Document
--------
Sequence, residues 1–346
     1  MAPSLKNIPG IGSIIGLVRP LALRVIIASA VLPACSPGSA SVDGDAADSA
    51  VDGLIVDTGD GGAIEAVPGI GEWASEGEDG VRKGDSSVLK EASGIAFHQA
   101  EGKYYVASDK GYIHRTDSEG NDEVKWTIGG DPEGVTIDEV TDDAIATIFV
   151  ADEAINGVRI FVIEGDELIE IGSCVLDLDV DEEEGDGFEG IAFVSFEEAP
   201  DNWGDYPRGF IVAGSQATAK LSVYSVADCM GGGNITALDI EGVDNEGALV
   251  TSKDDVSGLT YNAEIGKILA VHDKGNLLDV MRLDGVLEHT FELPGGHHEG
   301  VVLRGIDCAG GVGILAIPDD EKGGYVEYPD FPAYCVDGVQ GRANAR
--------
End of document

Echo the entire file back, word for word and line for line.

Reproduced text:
Sequence, residues 1–346
     1  MAPSLKNIPG IGSIIGLVRP LALRVIIASA VLPACSPGSA SVDGDAADSA
    51  VDGLIVDTGD GGAIEAVPGI GEWASEGEDG VRKGDSSVLK EASGIAFHQA
   101  EGKYYVASDK GYIHRTDSEG NDEVKWTIGG DPEGVTIDEV TDDAIATIFV
   151  ADEAINGVRI FVIEGDELIE IGSCVLDLDV DEEEGDGFEG IAFVSFEEAP
   201  DNWGDYPRGF IVAGSQATAK LSVYSVADCM GGGNITALDI EGVDNEGALV
   251  TSKDDVSGLT YNAEIGKILA VHDKGNLLDV MRLDGVLEHT FELPGGHHEG
   301  VVLRGIDCAG GVGILAIPDD EKGGYVEYPD FPAYCVDGVQ GRANAR